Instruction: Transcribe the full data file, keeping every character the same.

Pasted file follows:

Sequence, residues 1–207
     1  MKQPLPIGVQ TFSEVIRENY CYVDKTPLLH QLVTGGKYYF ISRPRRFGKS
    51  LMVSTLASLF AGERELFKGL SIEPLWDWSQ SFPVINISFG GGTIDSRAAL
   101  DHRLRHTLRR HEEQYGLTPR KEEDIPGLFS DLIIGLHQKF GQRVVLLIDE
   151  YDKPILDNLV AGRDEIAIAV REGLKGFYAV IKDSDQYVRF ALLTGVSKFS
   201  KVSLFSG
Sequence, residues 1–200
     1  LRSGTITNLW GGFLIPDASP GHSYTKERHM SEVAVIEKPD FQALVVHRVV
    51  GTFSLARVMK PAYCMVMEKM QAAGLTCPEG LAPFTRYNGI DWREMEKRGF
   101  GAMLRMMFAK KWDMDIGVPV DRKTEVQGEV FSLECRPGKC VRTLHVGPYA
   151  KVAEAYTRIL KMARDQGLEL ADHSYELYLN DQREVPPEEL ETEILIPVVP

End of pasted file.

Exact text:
Sequence, residues 1–207
     1  MKQPLPIGVQ TFSEVIRENY CYVDKTPLLH QLVTGGKYYF ISRPRRFGKS
    51  LMVSTLASLF AGERELFKGL SIEPLWDWSQ SFPVINISFG GGTIDSRAAL
   101  DHRLRHTLRR HEEQYGLTPR KEEDIPGLFS DLIIGLHQKF GQRVVLLIDE
   151  YDKPILDNLV AGRDEIAIAV REGLKGFYAV IKDSDQYVRF ALLTGVSKFS
   201  KVSLFSG
Sequence, residues 1–200
     1  LRSGTITNLW GGFLIPDASP GHSYTKERHM SEVAVIEKPD FQALVVHRVV
    51  GTFSLARVMK PAYCMVMEKM QAAGLTCPEG LAPFTRYNGI DWREMEKRGF
   101  GAMLRMMFAK KWDMDIGVPV DRKTEVQGEV FSLECRPGKC VRTLHVGPYA
   151  KVAEAYTRIL KMARDQGLEL ADHSYELYLN DQREVPPEEL ETEILIPVVP